With the versalility and portability of RSS feeds comes a greater ability on the part of third parties to easily copy your content by, for example, republishing it on another website. However, the publication of an RSS feed does not mean the copyright owner relinquishes its rights in the literary, audio or video content that the feed conveys.
Although the issue is untested in New Zealand courts, in my view the legal position is that the production and making available to the public of an RSS feed carries with it a licence (sometimes express, sometimes implied) to anyone using the internet that they may subscribe to that feed in any personal feed reading application (whether in the nature of a desktop feed reader, web-based feed reader, personalised homepage or otherwise), but no more unless the copyright owner expressly says so by way of more encompassing licence terms. In particular, the mere making available of a feed does not convey any right for third parties to, for example, re-syndicate the full feed content (i.e., item titles and full item descriptions) on their own website. Read more…
Questions raised at the design stage or later on in a site’s lifecycle are likely to include whether to make email notifications of new content available to users and whether to produce RSS feeds as an alternative notification mechanism. These questions may give rise to some or all of the following issues:
- whether there are any implications flowing from the Unsolicited Electronic Messages Act 2007;
- possible copyright implications of publishing your own or your organisation’s content via RSS or Atom feeds, in terms of proactively protecting copyright in feed content from resyndication or, if you wish, positively allowing such resyndication; and
- possible copyright and trade law implications of resyndicating others’ content (e.g., from or via feeds) on your own or your organisation’s site.
I’ll endeavour to tackle each of these in turn. Because there’s quite a bit to say on these issues, I’ll spread the three bullet points across three posts. This post deals with the first. Read more…
This third post in the series entitled “Your own or your organisation’s sites” addresses the issue of content moderation. While that issue is related to content creation, it is considered sufficiently significant to treat as a subject in its own right.
Preferably before the site is launched, a decision needs to be made as to whether to moderate user contributions and, if so, how. There are three potential approaches:
- not to moderate at all;
- moderate before user-generated content goes live on the site; or
- moderate after user-generated content goes live on the site (either across the board or by way of spot-checking).
This decision can be usefully informed by considering the nature of the site, those likely to use the site, the risk of hostile or abusive comment or an influx of spam, potential commercial or political ramifications and whether there are any particular categories of users that may need protection (e.g., children).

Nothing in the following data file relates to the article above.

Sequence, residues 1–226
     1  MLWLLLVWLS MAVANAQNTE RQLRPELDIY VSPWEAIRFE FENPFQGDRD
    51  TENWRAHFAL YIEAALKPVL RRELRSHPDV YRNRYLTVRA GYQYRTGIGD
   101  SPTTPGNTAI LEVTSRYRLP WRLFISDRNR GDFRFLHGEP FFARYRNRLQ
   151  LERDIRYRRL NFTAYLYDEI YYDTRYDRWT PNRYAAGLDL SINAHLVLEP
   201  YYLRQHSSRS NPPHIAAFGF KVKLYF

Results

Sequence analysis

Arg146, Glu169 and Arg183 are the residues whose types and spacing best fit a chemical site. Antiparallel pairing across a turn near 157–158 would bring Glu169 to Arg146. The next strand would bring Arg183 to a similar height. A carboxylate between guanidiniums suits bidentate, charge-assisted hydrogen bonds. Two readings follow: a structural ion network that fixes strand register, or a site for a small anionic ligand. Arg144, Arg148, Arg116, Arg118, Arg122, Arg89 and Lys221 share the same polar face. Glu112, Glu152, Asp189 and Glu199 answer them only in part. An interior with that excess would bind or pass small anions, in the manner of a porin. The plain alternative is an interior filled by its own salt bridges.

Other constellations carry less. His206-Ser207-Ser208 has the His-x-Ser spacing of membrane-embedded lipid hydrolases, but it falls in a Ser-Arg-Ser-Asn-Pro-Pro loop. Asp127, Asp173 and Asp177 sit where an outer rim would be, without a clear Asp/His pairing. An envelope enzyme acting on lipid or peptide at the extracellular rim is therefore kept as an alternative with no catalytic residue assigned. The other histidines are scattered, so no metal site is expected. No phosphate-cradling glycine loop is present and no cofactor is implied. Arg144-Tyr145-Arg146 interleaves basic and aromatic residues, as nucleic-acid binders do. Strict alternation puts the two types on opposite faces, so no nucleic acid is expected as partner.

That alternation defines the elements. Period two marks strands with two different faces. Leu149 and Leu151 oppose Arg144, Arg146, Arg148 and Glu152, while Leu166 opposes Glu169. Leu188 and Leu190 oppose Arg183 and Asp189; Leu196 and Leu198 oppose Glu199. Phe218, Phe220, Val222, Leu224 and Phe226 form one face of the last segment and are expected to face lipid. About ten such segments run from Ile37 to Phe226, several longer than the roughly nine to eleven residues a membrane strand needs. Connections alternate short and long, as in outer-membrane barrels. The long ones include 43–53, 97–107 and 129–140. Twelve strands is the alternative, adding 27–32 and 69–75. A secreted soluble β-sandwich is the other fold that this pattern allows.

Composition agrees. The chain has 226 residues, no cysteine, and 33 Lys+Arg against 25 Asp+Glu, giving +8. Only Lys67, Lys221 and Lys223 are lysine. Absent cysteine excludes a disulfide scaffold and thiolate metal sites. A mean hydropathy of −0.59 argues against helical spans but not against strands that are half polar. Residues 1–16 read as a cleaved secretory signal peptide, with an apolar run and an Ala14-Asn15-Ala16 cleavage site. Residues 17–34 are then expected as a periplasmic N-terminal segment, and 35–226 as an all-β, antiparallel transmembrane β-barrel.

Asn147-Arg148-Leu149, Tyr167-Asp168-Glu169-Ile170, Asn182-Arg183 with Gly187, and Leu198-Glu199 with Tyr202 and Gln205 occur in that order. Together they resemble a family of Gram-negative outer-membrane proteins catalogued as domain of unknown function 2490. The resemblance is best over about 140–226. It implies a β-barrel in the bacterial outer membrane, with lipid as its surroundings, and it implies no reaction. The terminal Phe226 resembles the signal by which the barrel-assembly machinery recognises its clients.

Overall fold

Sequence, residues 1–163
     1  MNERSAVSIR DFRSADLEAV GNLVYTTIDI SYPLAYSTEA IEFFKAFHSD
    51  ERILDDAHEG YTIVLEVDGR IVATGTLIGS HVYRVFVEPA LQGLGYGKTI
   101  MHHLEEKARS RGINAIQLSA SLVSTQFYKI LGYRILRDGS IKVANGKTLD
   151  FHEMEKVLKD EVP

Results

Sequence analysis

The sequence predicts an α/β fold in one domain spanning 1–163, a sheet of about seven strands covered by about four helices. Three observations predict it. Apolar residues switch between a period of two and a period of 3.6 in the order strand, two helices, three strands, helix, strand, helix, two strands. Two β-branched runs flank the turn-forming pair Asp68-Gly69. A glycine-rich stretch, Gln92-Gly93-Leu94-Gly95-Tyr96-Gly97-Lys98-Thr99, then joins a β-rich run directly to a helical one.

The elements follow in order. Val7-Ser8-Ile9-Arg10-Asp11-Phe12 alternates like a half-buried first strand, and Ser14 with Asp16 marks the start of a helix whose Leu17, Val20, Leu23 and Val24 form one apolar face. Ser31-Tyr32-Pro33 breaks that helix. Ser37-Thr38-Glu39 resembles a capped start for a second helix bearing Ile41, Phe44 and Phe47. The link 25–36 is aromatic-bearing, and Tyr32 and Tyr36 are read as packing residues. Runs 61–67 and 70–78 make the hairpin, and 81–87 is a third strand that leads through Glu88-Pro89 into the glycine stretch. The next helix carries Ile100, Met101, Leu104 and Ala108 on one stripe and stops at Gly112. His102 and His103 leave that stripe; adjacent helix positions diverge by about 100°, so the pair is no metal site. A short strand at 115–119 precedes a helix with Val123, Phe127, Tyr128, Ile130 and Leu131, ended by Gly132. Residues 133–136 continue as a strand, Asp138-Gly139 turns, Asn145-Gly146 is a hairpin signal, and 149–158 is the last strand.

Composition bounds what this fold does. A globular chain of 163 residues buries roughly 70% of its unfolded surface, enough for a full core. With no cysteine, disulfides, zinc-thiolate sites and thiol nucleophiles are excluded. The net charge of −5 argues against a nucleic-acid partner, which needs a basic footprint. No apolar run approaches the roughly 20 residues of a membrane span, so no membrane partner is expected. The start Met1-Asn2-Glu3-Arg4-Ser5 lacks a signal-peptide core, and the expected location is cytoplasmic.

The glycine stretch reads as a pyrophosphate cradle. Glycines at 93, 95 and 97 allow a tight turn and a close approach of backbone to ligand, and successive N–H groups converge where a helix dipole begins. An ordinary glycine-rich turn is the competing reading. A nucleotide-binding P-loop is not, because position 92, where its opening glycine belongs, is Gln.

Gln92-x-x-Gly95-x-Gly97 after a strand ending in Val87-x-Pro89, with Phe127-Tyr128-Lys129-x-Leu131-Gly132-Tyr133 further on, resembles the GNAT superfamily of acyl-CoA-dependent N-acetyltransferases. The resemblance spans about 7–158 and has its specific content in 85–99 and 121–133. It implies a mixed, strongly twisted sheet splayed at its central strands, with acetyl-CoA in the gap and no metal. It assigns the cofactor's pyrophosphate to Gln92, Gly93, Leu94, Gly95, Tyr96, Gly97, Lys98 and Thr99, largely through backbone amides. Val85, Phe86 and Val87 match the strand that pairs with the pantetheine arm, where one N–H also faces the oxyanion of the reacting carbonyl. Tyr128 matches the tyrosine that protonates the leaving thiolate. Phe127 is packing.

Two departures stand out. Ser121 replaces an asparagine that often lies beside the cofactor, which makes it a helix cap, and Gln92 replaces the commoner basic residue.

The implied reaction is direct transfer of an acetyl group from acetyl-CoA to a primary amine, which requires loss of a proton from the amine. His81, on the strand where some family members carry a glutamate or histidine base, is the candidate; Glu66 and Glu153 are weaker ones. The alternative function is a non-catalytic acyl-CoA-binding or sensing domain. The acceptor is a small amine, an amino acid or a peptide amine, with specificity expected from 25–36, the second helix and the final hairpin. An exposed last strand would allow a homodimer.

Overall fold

This second post in the series entitled “Your own or your organisation’s sites” addresses some of the legal issues that can arise in the context of content creation.
Depending on the context of one’s social media site, there are potentially a number of issues relevant to the creation of content on the site which ought to be considered prior to launch, including:
- an appropriate privacy statement; and
- if the site is an organisation’s site, the appropriateness of staff contributions to the site and whether staff contribution guidelines are desirable.
The first post to this blog promised three series of posts addressing what I see as the principal legal issues that can arise in the context of three different kinds of sites, namely, your own or your organisation’s sites, employees’ sites, and other third party sites over which neither you nor your employees have direct control. This post marks the beginning of the first series of posts on your own or your organisation’s sites.
When considering such sites, it may be helpful to look at the legal issues arising at four stages of the site and content lifecycle. Those stages are site design and set-up, content creation, content moderation and content distribution.
In this post I’ll address site design and set-up. Future posts will address content creation, content moderation and content distribution.
Creative Commons is a good thing. It is good for individuals, non-profits and commercial players alike. And here’s something I hadn’t thought of much before. It’s good for schools. This set of slides by Australian-based Mark Woolley provides food for thought on that front. In keeping with the nature of his presentation, Mark has made it available by way of a CC Attribution Non-Commercial License. (The hand-drawn image here by karindalziel is licensed under a CC-BY 2.0 (generic) licence. Thanks Karin!)
For those new to the legalities surrounding podcasting, there’s an interesting and well-presented rundown – albeit from a US law perspective – on the Creative Commons wiki. Some of it may need to be treated with a measure of caution given differences between US and NZ law, but it provides a good outline of the sorts of issues to be considering.
In the forthcoming series of posts on legal issues relevant to your or your organisation’s social media site, I’ll use the phrase “social media sites and tools” quite often. As such, I thought it best to explain, up front, what I mean. For many, what follows will be a statement of the obvious, but for others at least some of it may be new.
The phrase “social media sites and tools” refers to the likes of blogs, wikis, RSS, social bookmarking sites, RSS feed manipulation and parsing tools, feed creation tools and embeddable multimedia; in essence, all manner of sites and tools that enable and facilitate online interaction, sharing and collaboration.